Among the highlights of my recent trip to Detroit were the rich and diverse graffiti walls I came upon while exploring the neighborhoods southwest of downtown Detroit. Back home in NYC, I discovered that these murals, referred to as Station Walls – because of their proximity to the Michigan Central Railroad Station – were facilitated by Grand River Creative Corridor founder Derek Weaver. Here are several more featuring the talents of Detroit’s local writers:

Malt

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Teck

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Stori

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Kosek

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Meloh

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Ramen and Yogrt

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Rift

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Note: First image features Fel3000ft and Iges

Photos by Lois Stavsky

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Based in Detroi’s Eastern Market district, 1xRUN is the world’s leading publisher of fine art editions for original art.  Also host to Detroit’s Inner State Gallery, a world-renowned exhibition space, it works with established and emerging artists throughout the globe. When I stopped by on my recent visit to Detroit, I had the opportunity to speak to 1xRUN Production Manager Brian Lacey.

Can you tell us something about your role as 1xRUN production manager? Just what does your job entail?

I am involved with every step of the printing process. I communicate with the artists, set up files for printing, retouch images, trim prints, create certificates of authenticity and I place orders with vendors.

You are an artist. Is that what attracted you to this particular space? 

Yes, as an artist I was drawn to this space. I have a background in graffiti and a degree from the College for Creative Studies, where I studied illustration and fine arts.

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Has your experience as a graffiti writer impacted you?

Definitely! Graffiti is a great teacher. I learned a lot from it — on so many levels.

1xRUN collaborates with so many extraordinary artists. How do you select them? Is it a team effort?

Yes! It’s definitely a team effort. We have weekly sessions where a group of us meet to make curatorial decisions. Selections are made by the consensus of us all.

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Has your position at 1xRUN presented any personal challenges?

As someone who loves working hands-on, I had to adjust to spending a lot of time in front of a computer. But it’s awesome to be able to look at art all day!

1xRUN is best-known for the first-rate prints it produces. Does it offer anything in addition to prints?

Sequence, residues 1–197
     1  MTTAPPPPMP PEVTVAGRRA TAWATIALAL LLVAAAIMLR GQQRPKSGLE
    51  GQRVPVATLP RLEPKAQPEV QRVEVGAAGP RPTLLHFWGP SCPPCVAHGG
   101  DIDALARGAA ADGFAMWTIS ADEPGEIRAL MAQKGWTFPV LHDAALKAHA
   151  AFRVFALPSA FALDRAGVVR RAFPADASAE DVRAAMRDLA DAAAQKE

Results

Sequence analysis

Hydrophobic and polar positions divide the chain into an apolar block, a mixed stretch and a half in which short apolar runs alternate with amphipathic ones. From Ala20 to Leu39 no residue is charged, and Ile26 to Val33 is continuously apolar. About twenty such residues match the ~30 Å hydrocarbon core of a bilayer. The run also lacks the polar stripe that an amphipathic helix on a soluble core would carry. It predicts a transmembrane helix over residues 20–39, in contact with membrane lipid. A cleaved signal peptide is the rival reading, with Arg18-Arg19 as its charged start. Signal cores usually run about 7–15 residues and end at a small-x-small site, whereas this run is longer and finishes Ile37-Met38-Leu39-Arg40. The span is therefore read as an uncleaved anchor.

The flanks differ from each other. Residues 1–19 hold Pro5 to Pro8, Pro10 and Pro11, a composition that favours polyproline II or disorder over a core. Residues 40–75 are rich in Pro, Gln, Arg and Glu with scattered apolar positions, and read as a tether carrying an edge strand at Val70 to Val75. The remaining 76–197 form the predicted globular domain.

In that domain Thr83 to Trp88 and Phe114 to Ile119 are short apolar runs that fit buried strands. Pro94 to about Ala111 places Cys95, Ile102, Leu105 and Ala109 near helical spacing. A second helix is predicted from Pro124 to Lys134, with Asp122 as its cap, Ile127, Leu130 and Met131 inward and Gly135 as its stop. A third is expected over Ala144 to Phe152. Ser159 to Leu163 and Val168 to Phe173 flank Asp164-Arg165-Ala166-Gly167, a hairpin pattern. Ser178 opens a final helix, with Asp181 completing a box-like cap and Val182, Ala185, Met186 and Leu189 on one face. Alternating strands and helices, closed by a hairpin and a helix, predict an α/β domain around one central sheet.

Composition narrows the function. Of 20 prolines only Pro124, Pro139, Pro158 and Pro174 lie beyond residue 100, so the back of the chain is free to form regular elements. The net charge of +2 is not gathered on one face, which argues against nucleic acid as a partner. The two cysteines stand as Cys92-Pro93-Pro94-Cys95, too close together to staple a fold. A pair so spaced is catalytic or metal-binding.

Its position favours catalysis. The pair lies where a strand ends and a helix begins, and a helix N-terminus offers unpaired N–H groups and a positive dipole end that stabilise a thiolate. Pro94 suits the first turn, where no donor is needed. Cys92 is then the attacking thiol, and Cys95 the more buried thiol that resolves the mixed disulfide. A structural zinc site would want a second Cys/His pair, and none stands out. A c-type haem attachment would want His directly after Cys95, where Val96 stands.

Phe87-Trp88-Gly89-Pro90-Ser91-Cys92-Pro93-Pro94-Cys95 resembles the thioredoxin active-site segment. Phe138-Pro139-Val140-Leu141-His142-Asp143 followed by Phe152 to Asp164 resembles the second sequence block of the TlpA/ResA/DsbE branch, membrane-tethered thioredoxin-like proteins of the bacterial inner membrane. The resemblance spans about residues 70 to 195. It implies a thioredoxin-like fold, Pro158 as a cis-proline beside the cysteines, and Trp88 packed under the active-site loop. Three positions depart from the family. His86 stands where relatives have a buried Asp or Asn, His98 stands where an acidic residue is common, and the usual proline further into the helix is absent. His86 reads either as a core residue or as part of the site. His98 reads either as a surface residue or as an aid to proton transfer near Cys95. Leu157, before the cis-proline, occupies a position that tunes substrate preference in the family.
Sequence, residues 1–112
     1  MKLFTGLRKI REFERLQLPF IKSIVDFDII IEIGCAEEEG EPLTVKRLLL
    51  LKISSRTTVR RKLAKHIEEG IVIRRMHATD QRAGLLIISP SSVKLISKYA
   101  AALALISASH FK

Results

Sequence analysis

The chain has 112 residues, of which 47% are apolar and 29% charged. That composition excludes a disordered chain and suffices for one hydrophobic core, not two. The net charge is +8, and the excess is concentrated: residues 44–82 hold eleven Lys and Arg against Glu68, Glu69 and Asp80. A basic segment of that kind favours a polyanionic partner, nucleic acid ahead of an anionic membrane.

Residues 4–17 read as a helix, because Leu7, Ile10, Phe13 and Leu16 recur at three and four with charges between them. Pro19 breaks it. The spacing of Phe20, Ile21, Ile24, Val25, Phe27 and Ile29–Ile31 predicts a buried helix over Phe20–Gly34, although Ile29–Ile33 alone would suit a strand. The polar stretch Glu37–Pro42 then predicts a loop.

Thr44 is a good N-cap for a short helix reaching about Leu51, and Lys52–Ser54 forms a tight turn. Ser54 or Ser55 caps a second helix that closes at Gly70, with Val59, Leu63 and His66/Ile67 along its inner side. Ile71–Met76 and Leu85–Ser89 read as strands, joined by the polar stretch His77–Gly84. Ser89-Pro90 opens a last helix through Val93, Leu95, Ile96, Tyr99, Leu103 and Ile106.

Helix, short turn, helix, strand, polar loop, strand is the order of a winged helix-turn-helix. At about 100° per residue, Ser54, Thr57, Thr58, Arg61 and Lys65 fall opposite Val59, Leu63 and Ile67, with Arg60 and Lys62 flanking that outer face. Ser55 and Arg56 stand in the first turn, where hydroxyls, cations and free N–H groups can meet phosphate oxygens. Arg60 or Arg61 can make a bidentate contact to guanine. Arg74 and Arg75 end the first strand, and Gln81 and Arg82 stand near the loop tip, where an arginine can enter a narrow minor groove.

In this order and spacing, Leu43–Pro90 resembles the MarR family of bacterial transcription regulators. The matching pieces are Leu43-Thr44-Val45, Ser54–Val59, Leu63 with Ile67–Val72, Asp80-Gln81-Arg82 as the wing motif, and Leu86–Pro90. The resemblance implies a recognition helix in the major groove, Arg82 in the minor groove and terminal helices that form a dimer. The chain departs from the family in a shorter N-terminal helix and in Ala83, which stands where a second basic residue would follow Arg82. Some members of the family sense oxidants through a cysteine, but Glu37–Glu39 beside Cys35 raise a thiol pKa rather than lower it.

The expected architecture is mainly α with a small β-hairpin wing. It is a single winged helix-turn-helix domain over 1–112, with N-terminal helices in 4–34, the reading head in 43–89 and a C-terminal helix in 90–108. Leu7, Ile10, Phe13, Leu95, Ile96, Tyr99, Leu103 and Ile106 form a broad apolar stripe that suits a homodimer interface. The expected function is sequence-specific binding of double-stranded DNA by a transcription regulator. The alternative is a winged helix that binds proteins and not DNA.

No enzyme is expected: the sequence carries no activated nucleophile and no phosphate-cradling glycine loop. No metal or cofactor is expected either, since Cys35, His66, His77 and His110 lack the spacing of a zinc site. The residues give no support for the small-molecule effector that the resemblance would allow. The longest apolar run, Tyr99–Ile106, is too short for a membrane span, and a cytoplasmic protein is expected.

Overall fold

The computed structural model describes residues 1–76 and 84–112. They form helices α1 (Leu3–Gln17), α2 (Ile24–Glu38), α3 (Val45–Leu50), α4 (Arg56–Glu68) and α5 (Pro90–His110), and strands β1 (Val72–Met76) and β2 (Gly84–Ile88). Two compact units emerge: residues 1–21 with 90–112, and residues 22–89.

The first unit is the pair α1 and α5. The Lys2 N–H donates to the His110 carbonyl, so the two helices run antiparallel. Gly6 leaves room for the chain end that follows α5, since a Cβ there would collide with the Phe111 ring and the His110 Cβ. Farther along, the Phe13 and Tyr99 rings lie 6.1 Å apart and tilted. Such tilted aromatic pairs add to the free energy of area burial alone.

It does offer a number of original works, books and sketches.

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What about the name 1xRUN?

It’s about offering limited editions of outstanding works that run for one time (1X) only.  Too many print releases can devalue an artist’s work.

I can see that. I love these images on exhibit in Tag the Jewels. Can you tell us something about this project?

It is a partnership among Run The Jewels, 1xRUN and Mass Appeal. Graffiti artists from around the world created murals celebrating the one year anniversary of Run The Jewels 2 (RTJ2). On exhibit are 20 photos of these murals spanning six continents.

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 What a great concept! And what an amazing range of art on display throughout this space! 

Images:

1. Brian Lacey to the right of his artwork, T002

2. Jesse Kassel and Elmer for Tag the Jewels

3. See One for Tag the Jewels

4. Binho for Tag the Jewels

5. Frop and Muso for Tag the Jewels

Interview and photos by Lois Stavsky

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how-and-nosm-mural-art-detroit

Downtown Detroit’s hugely impressive, ten-story parking structure — known as the Z — serves as a canvas for artworks by over two dozen wonderfully talented artists.  Like the Belt, it is a collaborative venture between Bedrock and the Library Street Collective. Here are several more close-ups from huge murals that I captured last week:

UK-based Lucy McLauchlan

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Pose and Revok, MSK

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Mexican artist Saner

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LA-based Cyrcle

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Swiss artist Smash 137

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Note: The first image features a close-up from How & Nosm

Photos by Lois Stavsky

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tristan-eaton-street-art-detroit

Showcasing a range of works by first-rate artists, Downtown Detroit’s Belt Alley is a wondrous open-air gallery. Here are a few more images I captured on my recent visit to the Belt, a collaborative venture between Bedrock Real Estate Services and the Library Street Collective.

Chicago-based Pose, close-up

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 Miami-based Douglas Hoekzema aka Hoxxoh, close-up

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UK-based Hush

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West Coast-based Shepard Fairey aka Obey

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Portuguese artist Alexandre Farto aka Vhils

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West Coast-based Dave Kinsey, close-up

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The Belt is located between the two wings of The Z parking garage on Grand River and Gratiot Avenues in Downtown Detroit’s former garment district.

Note: First image is by West Coast-based Tristan Eaton

Photos by Lois Stavsky